Are probiotics the key to good health? Is caffeine a friend or foe? And should we be eating eggs or not?
One glance at the news, internet, or social media, and you’re sure to walk away with yet another recommendation about what to eat (and to avoid) for best health. While it’s great to have so much nutrition information at our fingertips, it can be nearly impossible to keep up, much less determine which advice is worth following. Especially when today’s headline contradicts the one from yesterday!
As the saying goes, you shouldn’t believe everything you read (or hear). Nutrition misinformation is a real problem, as following the wrong advice can be dangerous to your health—not to mention costly. Dietitians say consumers receive the most misinformation from social media, family, friends and celebrities. But, with a few expert-approved pointers, you can become a savvier consumer of nutrition news and learn to sort fact from fiction.
6 Questions to Help You Weigh Nutrition News
That nutrition advice might be newsworthy, but is it trustworthy? If you’re anxious about addressing an important nutrition-related health concern, you may unwittingly be more willing to follow advice from people who are not nutrition professionals or guidance that is not scientifically proven.
Whether you’re looking at a news article or YouTube, reading a book or chatting with your neighbor, here are six questions to ask yourself when seeking and following nutrition advice.
1. Who Is the Source?
First up, only trust nutrition news from reputable, well-established sources.
If your source is a person, look for a Registered Dietitian (R.D. or R.D.N.) or Licensed Dietitian (L.D.) who has a specialized degree in dietetics, nutrition, public health, or related sciences from an accredited university. This means they have completed extensive training in the subject and undergo continuing education on a regular basis. You might also notice advanced medical or research degrees such as M.D. or Ph.D.
This is important because more general terms, such as “nutritionist” and “diet counselor,” are not regulated. Self-proclaimed experts sometimes use these credentials without proper qualifications.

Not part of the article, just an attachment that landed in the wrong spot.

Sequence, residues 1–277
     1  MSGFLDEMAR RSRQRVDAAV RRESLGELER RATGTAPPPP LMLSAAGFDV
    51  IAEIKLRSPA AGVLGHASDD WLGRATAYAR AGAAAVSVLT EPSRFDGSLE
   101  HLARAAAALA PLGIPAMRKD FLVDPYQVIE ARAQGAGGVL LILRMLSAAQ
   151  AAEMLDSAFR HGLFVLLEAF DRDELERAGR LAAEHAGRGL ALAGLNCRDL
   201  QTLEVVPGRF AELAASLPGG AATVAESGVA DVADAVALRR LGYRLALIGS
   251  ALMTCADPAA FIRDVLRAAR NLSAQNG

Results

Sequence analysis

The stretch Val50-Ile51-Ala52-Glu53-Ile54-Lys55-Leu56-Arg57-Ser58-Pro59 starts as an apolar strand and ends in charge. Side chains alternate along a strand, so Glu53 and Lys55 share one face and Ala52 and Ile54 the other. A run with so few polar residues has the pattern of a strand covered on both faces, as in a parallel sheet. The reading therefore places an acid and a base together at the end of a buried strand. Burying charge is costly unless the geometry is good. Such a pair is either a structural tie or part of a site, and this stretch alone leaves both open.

When it comes to food and nutrition, trusted organizations include scientific and professional organizations such as the American Heart Association, American Diabetes Association, American Cancer Society and the Academy of Nutrition and Dietetics.
Seek nutrition departments at leading universities, such as Harvard School of Public Health, New York University, University of North Carolina at Chapel Hill, University of Alabama, and University of Arizona among others. Hospitals or medical facilities that provide nutritional information are also great sources. Lastly, if the website ends in .gov or .edu that’s also a good sign.
2. How Recent Is the Information?
Thanks to rigorous scientific research, we’re constantly learning more about the connections between food and our health. Guidelines sometimes change as the latest and greatest nutrition study results become available.
To help make sense of the changes make sure that the information you’re looking at is up to date. Don’t rely on dated info from old studies. Rely more heavily on relatively recent nutrition news, for example, information published over the past few years.
What may have been the recommendation a few years ago, may not be the case anymore. We are continually learning how various foods affect our bodies. But whether you’re looking at new information or old, it’s always important to ask yourself whether the information comes from a credible source and whether it’s based on solid evidence.